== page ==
What Now For Trump-Backed Ortagus, Others Kicked Off Tennessee Primary Ballot?

What Now For Trump-Backed Ortagus, Others Kicked Off Tennessee Primary Ballot? Morgan Ortagus Former State Department spokeswoman Morgan Ortagus looks on as former U.S. Secretary of State Mike Pompeo speaks. in 2019. (Drew Angerer/Getty Images)

John Gizzi By John Gizzi Thursday, 21 April 2022 02:31 PM Current | Bio | Archive

Two days after the Tennessee Republican Party kicked former State Department spokeswoman Morgan Ortagus and two other candidates off the primary ballot in the Volunteer State's 5th District, supporters of the three displaced candidates began to fight back.

There is already speculation that the move to deny the candidates ballot access over whether they voted in past primaries was being orchestrated by another contender, former state House Speaker Beth Harwell.

But particular attention was being paid to Ortagus, who has raised more than $500,000 and has the endorsement of former President Donald Trump.

13 out of 16 members of the state GOP's executive committee voted to remove Ortagus and fellow contender Robby Starbuck on the grounds that they violated a recently-passed state law requiring congressional candidates to have lived in "this state and the district" in which they are running for at least 3 years.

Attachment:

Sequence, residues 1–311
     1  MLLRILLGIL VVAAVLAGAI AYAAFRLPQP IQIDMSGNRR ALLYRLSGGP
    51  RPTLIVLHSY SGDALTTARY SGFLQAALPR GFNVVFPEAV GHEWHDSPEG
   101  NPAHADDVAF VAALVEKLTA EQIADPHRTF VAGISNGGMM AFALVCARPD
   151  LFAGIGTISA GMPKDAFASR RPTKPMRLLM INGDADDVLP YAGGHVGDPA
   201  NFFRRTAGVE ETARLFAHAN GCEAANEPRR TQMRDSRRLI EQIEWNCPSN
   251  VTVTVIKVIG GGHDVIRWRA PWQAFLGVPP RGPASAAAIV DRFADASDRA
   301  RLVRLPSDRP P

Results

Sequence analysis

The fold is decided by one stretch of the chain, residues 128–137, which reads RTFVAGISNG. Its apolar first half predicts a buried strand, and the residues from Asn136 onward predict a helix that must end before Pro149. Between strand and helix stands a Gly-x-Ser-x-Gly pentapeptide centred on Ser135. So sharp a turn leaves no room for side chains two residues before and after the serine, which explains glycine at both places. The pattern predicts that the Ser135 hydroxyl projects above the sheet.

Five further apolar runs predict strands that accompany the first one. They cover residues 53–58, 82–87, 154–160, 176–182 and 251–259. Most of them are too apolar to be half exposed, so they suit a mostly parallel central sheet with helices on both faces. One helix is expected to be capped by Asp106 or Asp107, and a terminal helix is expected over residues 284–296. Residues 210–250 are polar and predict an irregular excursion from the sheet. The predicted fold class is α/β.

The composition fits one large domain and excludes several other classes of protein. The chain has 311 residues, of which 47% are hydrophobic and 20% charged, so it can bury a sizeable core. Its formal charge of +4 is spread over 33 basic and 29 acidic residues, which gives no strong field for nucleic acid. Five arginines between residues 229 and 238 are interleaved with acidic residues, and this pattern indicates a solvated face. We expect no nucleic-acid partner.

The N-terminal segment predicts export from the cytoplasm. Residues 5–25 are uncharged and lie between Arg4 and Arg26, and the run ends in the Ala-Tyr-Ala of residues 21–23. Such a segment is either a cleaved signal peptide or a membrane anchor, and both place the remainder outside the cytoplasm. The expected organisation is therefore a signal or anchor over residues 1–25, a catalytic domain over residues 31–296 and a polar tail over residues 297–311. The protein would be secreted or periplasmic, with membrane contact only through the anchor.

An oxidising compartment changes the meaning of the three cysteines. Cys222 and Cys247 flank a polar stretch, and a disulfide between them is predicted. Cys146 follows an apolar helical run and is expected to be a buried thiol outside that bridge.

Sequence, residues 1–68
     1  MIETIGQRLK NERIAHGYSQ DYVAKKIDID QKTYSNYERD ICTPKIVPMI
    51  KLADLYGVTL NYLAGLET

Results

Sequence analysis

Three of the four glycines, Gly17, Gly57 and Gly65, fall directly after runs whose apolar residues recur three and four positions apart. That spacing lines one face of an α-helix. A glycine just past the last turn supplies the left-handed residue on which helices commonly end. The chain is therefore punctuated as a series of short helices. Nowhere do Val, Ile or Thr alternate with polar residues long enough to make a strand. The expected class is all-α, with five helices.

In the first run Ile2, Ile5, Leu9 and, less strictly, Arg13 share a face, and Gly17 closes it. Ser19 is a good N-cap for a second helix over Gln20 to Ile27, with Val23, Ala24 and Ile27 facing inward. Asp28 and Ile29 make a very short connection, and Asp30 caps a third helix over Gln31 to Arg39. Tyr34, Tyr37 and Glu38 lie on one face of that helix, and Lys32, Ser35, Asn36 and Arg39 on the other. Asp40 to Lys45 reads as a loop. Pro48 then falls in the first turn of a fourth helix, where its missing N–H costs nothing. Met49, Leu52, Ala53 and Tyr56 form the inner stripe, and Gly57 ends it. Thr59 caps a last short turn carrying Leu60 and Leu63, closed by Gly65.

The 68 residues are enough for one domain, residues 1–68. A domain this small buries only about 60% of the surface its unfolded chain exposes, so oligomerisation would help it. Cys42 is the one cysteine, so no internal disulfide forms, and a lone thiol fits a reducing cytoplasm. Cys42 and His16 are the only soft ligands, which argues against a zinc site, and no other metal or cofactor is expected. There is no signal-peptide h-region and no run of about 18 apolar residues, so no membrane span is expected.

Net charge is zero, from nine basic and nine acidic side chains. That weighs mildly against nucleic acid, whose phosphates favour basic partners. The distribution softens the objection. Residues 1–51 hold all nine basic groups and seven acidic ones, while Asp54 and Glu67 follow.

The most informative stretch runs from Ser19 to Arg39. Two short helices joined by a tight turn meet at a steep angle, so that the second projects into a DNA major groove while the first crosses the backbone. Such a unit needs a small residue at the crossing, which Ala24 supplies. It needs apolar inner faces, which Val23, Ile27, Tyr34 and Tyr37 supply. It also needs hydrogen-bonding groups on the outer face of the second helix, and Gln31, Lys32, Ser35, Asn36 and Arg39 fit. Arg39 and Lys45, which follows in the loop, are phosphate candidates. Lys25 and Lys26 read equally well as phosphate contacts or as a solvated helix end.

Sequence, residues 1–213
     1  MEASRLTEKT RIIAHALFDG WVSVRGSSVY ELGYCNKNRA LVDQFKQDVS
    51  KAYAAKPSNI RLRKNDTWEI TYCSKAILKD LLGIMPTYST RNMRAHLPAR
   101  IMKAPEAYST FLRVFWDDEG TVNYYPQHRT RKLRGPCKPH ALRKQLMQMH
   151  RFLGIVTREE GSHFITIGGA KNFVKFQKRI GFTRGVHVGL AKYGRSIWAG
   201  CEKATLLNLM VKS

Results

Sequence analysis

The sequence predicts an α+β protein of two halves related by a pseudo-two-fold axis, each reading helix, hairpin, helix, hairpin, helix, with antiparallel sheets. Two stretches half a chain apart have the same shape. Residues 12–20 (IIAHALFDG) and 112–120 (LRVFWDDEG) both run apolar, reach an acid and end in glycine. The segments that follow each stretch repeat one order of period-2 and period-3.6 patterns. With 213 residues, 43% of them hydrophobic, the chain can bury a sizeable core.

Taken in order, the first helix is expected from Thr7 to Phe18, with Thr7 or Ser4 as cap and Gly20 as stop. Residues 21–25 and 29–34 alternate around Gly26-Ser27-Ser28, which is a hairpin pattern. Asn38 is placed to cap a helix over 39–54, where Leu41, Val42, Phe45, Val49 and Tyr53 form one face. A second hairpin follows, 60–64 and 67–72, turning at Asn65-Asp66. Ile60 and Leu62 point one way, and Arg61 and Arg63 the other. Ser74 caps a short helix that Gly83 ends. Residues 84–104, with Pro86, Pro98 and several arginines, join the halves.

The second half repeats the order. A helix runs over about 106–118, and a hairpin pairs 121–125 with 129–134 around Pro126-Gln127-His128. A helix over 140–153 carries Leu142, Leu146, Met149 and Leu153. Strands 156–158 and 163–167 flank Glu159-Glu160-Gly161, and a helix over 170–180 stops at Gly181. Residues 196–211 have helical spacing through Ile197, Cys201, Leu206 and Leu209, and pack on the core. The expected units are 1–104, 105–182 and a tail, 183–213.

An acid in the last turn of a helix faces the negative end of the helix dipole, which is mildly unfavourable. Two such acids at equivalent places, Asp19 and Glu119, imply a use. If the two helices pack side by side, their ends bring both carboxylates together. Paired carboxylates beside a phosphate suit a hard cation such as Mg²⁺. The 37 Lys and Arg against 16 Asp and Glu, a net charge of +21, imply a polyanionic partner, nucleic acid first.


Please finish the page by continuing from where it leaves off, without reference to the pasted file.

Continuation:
Ortagus, Starbuck and businessman Baxter Lee (who had 11 committee members vote to bar him from the primary) also failed to meet the legislation's requirement of having voted in 3 of the last four statewide primaries.

Supporters of Ortagus (who moved to the state in early 2021) told reporters that the residency law didn't take effect in time to disqualify her from the ballot. It is now widely expected that the former Trump Administration official will go to court in an attempt to get back in the Aug. 4 primary.

Chip Saltsman, Lee's campaign quarterback and onetime campaign manager for former Arkansas Gov. Mike Huckabee's 2008 presidential bid, told Newsmax that "what the Republican Party has done is a real head-scratcher — we've spent years growing the party to a point where we have a governor and 'super majorities' in both houses of the legislature. Now the party is saying 'we're full — we don't want any more people.' "

Saltsman signaled that Lee, who has donated $100,000 to various Republican candidates over the past six years, would most likely not join any legal battle to get on the ballot. He noted that "Baxter is 42 and has a great future ahead of him."

Filmmaker and political newcomer Starbuck has not said what he would do in the wake of the party's decision. Some sources among Nashville-area Republicans have speculated he might run as an independent.

"This is all about paving the way for former state House Speaker Beth Harwell to win the primary," said one Ortagus supporter who requested anonymity, "Beth and her cronies don't want her to have to compete for the nomination. The party insiders who took this action are crossing Donald Trump and our Governor Bill Lee, who will be reelected in a landslide this year."

John Gizzi is chief political columnist and White House correspondent for Newsmax. For more of his reports, Go Here Now.

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